Yup, that mess of wires actually works.
In this post I'll cover 3 basic demo programs for the STM32F4 to interface the OV7670. Additionally, I've use qSerialTerm to receive data from the uC and display it in a human readable form.
I assume you know how the OV7670 works and have some knowledge about common peripherals found in uC (GPIO, USART, DMA, etc).
The board used in this demo was the custom development board: F4Dev. The STM32F4DISCOVERY wasn't used and can't be used because the Digital Camera Interface (DCMI) peripheral pins are not fully available in that development board.
I've used bareCortexM, an Eclipse based IDE, and libstm32pp, a template peripheral library, to develop these demos for the STM32F4.
The following configuration applies to all the demos:
- The STM32F4 operated at 42 MHz, the system clock, the AHB clock, the APB1 clock and the APB2 clock, all of them operated at this frequency.
- This 42 MHz frequency was obtained from the uC High Speed Internal (HSI) oscillator, which runs at 16 MHz, after scaling up the frequency using the uC internal PLL.
- The MCO1 pin was configured to output the HSI clock (16 MHz) and this output was used to drive the OV7670 XCLK.
Demo 1: Scanning the SCCB bus (Code)
In this first demo, the STM32F4 will interface the OV7670 using a bit bang implementation of the SCCB protocol.
The uC will wait until the letter 'S' is received on the USART1 interface. Upon receiving this signal, the uC will read all the internal registers of the OV7670 using the SCCB interface.
After scanning all the OV7670 registers. The uC will report the address and values of the registers via the USART1 in a human readable format.
Default values of the internal registers of the OV7670
You can find the log file of the uC output here.
Under the hood details: The formatting was done using the printf function.
Demo 2: Reading a frame and visualizing the data in hex format (Code)
In this second demo, the STM32F4 will interface the OV7670 using the Digital Camera Module Interface (DCMI) to grab a frame from the OV7670 and then display the data in hexadecimal format.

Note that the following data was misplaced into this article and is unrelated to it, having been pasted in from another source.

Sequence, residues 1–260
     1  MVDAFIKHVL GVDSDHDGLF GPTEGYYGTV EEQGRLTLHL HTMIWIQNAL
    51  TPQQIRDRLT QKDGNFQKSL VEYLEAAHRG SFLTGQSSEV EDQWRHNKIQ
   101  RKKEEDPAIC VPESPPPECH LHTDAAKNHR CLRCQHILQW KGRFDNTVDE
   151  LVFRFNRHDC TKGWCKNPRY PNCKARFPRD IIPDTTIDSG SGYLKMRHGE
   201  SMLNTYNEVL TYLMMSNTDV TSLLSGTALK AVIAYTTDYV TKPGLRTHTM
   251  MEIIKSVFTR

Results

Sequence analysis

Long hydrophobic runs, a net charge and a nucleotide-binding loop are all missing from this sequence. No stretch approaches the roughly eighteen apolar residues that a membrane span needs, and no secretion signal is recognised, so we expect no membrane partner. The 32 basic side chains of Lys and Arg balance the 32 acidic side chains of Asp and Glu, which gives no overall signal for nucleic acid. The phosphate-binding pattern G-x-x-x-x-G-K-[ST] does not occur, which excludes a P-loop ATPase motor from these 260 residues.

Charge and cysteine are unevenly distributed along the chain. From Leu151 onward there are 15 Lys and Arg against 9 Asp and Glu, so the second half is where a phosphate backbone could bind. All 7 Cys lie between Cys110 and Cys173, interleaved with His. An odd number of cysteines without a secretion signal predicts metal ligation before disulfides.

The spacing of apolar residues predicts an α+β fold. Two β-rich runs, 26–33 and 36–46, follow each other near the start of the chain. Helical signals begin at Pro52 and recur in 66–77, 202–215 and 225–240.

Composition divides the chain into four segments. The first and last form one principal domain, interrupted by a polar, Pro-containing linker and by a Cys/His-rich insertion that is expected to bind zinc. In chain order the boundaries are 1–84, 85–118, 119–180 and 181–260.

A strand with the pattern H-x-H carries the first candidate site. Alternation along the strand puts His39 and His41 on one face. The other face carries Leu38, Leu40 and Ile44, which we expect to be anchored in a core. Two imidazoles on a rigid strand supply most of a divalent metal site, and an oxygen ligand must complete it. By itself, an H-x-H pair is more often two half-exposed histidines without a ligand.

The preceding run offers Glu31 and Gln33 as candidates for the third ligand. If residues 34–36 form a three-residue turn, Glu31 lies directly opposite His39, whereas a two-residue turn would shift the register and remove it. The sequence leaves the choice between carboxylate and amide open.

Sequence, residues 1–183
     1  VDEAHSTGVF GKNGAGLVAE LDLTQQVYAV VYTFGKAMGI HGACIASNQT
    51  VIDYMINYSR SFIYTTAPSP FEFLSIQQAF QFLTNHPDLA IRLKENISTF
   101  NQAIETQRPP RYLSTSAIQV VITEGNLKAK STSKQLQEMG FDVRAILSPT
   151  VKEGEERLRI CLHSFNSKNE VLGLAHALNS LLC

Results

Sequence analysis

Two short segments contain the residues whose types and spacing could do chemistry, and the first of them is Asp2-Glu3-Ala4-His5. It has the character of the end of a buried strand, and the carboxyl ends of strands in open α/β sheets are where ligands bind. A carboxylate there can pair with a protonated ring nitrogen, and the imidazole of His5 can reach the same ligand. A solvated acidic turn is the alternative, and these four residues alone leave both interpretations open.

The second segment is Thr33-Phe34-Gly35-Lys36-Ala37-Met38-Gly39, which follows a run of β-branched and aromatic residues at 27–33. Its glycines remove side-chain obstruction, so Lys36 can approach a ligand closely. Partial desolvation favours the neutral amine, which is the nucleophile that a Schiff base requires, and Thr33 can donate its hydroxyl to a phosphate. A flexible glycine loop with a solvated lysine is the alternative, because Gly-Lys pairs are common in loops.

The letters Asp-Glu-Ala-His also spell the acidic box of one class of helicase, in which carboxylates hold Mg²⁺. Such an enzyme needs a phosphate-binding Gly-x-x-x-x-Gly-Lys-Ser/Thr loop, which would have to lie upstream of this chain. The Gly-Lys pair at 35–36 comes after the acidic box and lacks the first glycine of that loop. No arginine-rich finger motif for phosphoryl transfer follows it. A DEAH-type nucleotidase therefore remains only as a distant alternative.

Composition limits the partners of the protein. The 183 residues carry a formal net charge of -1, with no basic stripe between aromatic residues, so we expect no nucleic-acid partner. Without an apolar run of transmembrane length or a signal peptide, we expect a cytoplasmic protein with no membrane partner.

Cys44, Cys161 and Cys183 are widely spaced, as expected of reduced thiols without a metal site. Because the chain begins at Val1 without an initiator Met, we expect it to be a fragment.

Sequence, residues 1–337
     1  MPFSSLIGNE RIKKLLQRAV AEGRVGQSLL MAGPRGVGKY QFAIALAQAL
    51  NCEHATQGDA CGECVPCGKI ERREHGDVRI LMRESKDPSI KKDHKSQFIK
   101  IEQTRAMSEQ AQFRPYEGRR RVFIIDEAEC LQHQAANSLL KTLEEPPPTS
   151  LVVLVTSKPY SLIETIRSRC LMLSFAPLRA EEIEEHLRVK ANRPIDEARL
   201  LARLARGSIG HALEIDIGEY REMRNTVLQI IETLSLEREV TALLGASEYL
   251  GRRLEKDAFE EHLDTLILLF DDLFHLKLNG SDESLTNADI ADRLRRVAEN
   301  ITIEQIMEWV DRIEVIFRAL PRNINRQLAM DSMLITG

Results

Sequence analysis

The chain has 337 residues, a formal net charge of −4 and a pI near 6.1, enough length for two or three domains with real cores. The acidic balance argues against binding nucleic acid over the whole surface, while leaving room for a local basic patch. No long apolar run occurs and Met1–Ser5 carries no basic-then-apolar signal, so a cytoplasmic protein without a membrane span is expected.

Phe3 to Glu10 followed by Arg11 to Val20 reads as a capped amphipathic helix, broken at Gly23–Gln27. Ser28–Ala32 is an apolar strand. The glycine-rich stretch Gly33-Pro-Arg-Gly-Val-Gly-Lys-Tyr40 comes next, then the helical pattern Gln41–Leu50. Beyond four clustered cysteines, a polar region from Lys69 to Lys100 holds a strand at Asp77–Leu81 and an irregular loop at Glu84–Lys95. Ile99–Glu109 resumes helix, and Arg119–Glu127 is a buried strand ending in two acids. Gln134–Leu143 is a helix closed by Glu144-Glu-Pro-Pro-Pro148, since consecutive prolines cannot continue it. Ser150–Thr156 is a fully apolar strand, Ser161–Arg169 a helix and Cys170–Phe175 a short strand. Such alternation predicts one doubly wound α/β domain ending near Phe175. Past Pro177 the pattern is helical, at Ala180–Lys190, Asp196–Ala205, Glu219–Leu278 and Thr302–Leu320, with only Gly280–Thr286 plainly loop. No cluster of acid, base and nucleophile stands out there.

The uC will wait until the letter 'S' is received on the USART1 interface. Upon receiving this signal, the uC will use the DCMI in single shot mode to grab one frame from the OV7670.
After capturing the frame, the uC will send all the data via the USART1 interface in a human readable hexadecimal format.
Frame taken in a pitch black environment. Data in hex format.
You can get the full log file here.
Under the hood details: The DCMI peripheral works hand to hand with the DMA peripheral. The data that is captured by the DCMI is moved by the DMA to a predetermined memory address without intervention of the uP. The formatting was done using the printf function.
Demo 3: Reading a frame and visualizing the data as an image (Code)
The last demo is pretty similar to the second demo. The difference is that the uC reports the frame data in binary form. On the PC side, this binary data is parsed and displayed in qSerialTerm.
Frames captured by the OV7670. Left: A electrical tape. Right: Pitch black image.
Under the hood details: After capturing the frame, the data was sent through the USART interface using the DMA peripheral.
That's it. You have access to my full code, both the STM32F4 firmware and the qSerialTerm are fully available to you. I hope this information will help you in projects that involve the OV7670.